The instrument panel and coaming are nicely done and fit well.  I removed some plastic from the outermost corners of the coaming as I was concerned it may foul the windscreen fit.
The ceiling is now added to the exterior roof section into positive mounting points.  It may look odd now but it all fits together with the other interior components.  You may notice that I added some interior lights and the wire grab handles seen on the Aussie aircraft and yes, they are different shapes. The starboard one angles up – I assume so that it doesn’t foul the swing of the rescue hoist arm.  I also added some blanking plates to the front edge either side of where the overhead panel sits so you don’t see straight in there from the front. I left out the intercom box recesses in the roof as I struggled to get definitive locations from pics and I had to draw the line somewhere. 
Don’t forget to pre-drill any holes for the antennae fit you intend to use on the roof.  Pay careful attention to your references here as the instructions are no help.  The kit has an early teardrop shaped DF loop aerial to fit onto the roof.  It appeared to be removed in service and replaced by a rectangular shaped plate.  I went this way on mine with some plastic card.
I added the upper engine doors to the intake fairing so I could play with the fit. The etch brass screens fit nicely with some minor fettling.
And the intake fairing fits really well onto the roof section.
The main cabin sliding doors feature detail on both sides.  Good news, the circular divots that you see on the interior are not ejector pins marks and are meant to be there.
The pilot’s doors are both separate and can be posed open or closed. I chose to have one of each and the port side door needs to have the hinge mounting tab removed. (red arrow).  Please be ultra-careful when cleaning up these parts there is some flash between the fine window frames that needs to be removed.  I tried hard but still broke these pieces no matter how careful I was.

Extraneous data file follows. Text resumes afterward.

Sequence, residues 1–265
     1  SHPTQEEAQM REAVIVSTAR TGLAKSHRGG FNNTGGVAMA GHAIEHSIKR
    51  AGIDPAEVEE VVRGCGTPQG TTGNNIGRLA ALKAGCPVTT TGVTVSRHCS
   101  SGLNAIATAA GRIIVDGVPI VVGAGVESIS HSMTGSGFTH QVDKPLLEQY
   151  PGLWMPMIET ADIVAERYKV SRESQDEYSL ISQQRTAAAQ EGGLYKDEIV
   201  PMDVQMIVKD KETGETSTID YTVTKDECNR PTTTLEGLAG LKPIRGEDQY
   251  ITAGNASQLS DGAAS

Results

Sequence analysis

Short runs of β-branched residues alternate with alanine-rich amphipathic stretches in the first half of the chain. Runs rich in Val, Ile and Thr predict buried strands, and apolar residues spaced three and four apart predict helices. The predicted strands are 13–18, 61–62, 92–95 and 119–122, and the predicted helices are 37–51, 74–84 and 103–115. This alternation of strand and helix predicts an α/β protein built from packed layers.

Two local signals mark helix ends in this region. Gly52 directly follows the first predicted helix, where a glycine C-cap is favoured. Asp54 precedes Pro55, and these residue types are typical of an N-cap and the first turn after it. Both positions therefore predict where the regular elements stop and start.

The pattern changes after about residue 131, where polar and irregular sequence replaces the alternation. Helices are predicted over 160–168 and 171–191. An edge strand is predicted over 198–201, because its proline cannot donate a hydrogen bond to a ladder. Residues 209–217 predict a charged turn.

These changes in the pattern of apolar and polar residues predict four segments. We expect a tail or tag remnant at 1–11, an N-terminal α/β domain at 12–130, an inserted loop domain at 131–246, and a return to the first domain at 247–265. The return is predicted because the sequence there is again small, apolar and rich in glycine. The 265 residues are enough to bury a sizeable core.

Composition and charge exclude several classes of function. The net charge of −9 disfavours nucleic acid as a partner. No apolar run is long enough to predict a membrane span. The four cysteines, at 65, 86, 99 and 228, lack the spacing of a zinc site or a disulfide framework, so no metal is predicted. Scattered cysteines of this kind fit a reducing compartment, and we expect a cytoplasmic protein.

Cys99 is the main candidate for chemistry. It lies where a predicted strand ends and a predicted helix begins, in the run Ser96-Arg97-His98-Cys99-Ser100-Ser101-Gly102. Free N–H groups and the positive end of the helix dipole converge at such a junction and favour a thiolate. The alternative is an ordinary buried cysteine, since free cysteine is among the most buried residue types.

There are inserts for the insides of the doors, these need some trimming to sit right.  The instructions show two etch brass boxes to fold up and add to the door panel, they seem to be specific to the German version only using external references so I left those out.
A dry fit of the fuselage halves around the interior structure gave me confidence that all would go well.
The separate upper nose and radio compartment door are a reasonably good fit.  You can see I used some filler to remove the mounting locations for the un-used nose pitot and FM whisker antenna.
The tail-boom is separate and is a simple left and right half so no issues with that.  The shape looks spot on to my eyes as well.
The skids are a multi-part affair with separate cross tubes – be careful to use the correct parts for front and back as the mounting points have different spacings (they are both labelled A26)
There is also a strange triangular cut out on the bottom of both skids just forward of the front cross tube.  No-one knows why but I just glued in some half round styrene and sanded to shape when dry.
I’m getting close to squirting some paint on the interior but I’ll leave that for the next instalment.

See you soon.

Andrew Perren

Thanks to Kittyhawk for sending this Huey to Andy to build and review- The build is "inbound" as Andy already has the helicopter nearly at painting stage. Super Detailed build to follow in the next week or so. Stay tuned...